Emotions: A Brief History
Emotions: A Brief History
ISBN: 978-0-470-77632-2 February 2008 Wiley-Blackwell 208 Pages
Table of contents
1. Meaning and ambiguity.
Emotions: signals of what is vital.
2. Evolution, culture, and a necessary ambivalence.
Inherited repertoires of emotion built upon by culture and experience.
3. Medicine for the soul.
From Epicureans and Stoics via the seven deadly sins to cognitive therapy.
4. Emotions and the brain.
Accidents, imaging technologies, the new psychopharmacology.
5. Social histories: emotions and relationships.
Social goals of aggression, attachment, affiliation, and their mixtures.
6. Individual histories.
Emotional development from childhood to maturity.
7. Emotional disorders.
Excesses of sadness, anxiety, shame, and anger.
8. Emotional intelligence.
What is it to be emotionally intelligent? Are there skills to learn?.
“Only Keith Oatley could have written a book of this type--a scholarly treatise on emotions that reads like a novel. With erudition and verve he contextualizes the scientific study of the emotions both in linguistic history and in the social context of life. The examples and literary case studies come fast and furious, but the book never overwhelms. It is a fast read but the ideas and themes linger to be savoured long after one is through.” Keith E. Stanovich, University of Toronto and author of The Robot's Rebellion: Finding Meaning in the Age of Darwin
“In this short history, Keith Oatley captures the current excitement of the ongoing ‘Affect Revolution’ and its historical antecedents. As psychologists seek to decipher the foundations of the many emotional values of animate existence, they should not forget the many historical roots from which the current blossoming of research is emerging. This gem helps put the field in perspective.” Jaak Panksepp, Bowling Green State University and author of Affective Neuroscience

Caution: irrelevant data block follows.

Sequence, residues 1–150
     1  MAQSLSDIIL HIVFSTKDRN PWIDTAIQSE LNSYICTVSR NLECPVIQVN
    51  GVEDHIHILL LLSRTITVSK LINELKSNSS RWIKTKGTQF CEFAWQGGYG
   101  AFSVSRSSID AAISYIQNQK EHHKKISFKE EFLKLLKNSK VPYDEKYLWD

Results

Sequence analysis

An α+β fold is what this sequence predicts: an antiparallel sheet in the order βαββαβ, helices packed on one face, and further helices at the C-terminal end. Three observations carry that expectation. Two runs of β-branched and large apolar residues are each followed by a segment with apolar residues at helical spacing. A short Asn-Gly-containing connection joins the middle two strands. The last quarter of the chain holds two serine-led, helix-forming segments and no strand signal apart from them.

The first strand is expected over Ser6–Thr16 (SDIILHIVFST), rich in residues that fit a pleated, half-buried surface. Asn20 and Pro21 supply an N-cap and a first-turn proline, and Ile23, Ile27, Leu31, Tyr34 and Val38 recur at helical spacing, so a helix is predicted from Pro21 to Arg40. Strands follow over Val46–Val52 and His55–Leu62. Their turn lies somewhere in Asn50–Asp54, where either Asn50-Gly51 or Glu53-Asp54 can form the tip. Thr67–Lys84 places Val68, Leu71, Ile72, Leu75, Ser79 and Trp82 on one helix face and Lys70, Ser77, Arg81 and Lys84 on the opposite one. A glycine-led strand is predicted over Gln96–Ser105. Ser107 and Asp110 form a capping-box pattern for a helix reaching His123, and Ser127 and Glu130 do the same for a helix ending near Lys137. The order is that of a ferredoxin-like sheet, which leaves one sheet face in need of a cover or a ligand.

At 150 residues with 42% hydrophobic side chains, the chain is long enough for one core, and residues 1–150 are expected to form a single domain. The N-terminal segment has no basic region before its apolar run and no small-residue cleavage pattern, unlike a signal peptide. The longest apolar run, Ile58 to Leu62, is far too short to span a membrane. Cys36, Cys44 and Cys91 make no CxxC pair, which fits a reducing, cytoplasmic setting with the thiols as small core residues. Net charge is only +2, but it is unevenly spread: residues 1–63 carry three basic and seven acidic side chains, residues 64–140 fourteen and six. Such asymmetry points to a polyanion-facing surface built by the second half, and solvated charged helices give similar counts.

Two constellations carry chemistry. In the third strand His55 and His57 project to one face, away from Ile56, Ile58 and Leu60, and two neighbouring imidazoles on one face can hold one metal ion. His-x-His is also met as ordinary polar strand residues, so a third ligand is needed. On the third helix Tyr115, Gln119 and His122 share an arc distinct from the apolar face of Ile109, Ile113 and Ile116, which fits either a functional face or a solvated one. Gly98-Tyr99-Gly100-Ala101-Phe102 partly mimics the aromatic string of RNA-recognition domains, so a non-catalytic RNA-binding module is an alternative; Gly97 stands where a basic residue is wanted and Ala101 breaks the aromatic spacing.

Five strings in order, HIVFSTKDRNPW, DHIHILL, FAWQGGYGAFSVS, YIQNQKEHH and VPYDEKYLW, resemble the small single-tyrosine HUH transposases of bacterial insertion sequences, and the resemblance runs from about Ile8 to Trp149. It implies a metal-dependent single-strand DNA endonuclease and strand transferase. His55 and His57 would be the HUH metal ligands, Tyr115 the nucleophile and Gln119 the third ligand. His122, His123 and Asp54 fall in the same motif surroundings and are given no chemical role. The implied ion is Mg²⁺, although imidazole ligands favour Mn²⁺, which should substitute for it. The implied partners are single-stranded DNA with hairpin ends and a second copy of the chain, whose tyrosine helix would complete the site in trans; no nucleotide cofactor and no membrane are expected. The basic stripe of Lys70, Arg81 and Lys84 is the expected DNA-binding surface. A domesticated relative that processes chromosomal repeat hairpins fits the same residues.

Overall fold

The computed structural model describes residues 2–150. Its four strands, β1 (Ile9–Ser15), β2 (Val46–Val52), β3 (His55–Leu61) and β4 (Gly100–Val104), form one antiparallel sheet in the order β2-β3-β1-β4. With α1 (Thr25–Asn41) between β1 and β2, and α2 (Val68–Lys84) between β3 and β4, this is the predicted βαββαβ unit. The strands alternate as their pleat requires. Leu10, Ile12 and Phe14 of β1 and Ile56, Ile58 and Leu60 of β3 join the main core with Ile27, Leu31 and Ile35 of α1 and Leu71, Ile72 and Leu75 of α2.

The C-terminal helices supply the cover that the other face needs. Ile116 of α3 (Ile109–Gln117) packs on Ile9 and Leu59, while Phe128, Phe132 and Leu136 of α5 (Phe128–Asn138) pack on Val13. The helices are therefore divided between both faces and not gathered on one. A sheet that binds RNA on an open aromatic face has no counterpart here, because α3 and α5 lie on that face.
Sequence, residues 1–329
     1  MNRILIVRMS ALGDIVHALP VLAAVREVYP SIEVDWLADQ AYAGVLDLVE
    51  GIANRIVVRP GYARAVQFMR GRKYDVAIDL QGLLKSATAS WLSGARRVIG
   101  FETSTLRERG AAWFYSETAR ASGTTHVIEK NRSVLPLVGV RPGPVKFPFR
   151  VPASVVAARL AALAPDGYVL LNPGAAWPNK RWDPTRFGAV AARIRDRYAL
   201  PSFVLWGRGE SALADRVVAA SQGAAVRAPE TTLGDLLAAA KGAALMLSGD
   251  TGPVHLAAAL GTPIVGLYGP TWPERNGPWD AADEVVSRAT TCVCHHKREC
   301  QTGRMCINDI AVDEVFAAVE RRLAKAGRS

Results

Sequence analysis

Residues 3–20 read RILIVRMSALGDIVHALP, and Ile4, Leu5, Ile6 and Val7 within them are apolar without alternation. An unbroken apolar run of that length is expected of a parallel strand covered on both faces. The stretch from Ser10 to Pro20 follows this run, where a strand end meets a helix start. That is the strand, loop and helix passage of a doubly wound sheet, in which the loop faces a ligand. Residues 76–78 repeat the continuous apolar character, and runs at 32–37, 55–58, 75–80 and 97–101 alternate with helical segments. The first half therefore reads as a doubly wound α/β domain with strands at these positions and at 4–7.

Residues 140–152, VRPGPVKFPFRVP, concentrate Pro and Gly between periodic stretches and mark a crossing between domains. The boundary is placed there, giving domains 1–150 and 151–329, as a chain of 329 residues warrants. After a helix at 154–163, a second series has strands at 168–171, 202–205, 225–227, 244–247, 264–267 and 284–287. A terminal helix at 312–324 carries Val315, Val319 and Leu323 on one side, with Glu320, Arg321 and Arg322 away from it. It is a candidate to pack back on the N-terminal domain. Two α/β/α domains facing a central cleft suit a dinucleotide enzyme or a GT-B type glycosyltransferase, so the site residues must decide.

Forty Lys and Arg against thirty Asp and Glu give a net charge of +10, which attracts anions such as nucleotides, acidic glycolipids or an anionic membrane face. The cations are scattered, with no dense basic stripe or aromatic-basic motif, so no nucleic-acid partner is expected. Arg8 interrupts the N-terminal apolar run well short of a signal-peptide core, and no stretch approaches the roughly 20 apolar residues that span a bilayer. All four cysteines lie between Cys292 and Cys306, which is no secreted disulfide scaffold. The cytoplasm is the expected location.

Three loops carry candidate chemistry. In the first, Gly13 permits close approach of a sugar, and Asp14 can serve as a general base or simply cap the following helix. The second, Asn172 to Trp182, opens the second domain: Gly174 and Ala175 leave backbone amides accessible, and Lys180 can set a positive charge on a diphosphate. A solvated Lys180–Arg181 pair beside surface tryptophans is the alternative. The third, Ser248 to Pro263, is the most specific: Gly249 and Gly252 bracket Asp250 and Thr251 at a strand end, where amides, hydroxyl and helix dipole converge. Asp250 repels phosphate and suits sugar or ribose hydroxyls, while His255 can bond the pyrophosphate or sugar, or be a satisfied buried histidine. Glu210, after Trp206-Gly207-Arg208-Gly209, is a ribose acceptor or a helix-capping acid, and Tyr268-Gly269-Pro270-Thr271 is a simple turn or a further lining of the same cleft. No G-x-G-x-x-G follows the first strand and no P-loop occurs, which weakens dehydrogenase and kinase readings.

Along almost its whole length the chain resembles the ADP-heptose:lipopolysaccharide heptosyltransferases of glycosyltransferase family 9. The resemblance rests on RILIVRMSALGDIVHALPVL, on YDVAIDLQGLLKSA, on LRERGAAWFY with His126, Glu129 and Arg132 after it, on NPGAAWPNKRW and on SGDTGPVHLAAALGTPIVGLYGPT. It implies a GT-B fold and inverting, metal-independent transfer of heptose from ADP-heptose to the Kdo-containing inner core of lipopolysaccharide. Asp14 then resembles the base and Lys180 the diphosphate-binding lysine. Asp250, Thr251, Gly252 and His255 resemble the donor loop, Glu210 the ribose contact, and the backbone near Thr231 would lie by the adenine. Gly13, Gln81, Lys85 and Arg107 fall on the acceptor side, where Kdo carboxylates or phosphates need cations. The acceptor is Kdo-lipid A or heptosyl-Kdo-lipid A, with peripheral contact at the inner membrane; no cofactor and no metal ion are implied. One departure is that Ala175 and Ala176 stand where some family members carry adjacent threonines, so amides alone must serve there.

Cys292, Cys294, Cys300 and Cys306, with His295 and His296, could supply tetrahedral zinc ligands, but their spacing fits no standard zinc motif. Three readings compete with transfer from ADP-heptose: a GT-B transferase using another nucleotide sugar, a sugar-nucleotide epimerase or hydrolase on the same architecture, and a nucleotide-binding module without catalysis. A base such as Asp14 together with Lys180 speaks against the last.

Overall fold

“There are dozens of books on emotions these days, but none like Oatley's new work. This original, wide-ranging, erudite, yet accessible romp through the centuries of thought and feeling about emotion as encountered in literature, philosophy, religion, politics, history and anthropology, is a tour de force. A consummate work by one of the leaders in the field of emotions research, it is not only a scholarly work of tremendous breadth, but a literary achievement in its own right--Oatley is a master of the well-turned phrase and the work is rich in wry musings and penetrating insight.” Carol Magai, Long Island University, Brooklyn Campus
“Oatley's beautifully written book comes out of his deep knowledge both of the history of thought and of the most up-to-date research in the science of emotions… a masterly introduction to philosophical and scientific thinking about the emotions in personal and social life. It's all done with Oatley's characteristic lucidity, his light touch, and his novelist's gift for vivid illustration. …this book will afford fresh insights and original perspectives to delight even seasoned scholars.” Ronnie de Sousa, University of Toronto
"An extraordinarily erudite and well written book about all aspects of the emotions written by a leading cognitive psychologist. It ranges through evolutionary origins, emotional development (including EQ) and social aspects of emotions as reflected in both history and literature. References include the Brownings, Keats, Marcus Aurelius and Shakespeare while among the themes treated are emotions and the brain, emotional disorders and psychopharmacology. " The Scientific and Meidical Network
- investigates the history of emotions across cultures as well as the evolutionary history of emotions and of emotional development across an individual’s life span
- Oatley examines key topics such as emotional intelligence, emotion and the brain, and emotional disorders in clear and accessible language
- interweaves three themes throughout: the changes that emotions have undergone from the past to the present, the extent to which we are able to control our emotions, and the ways in which emotions help us discern the deeper layers of ourselves and our relationships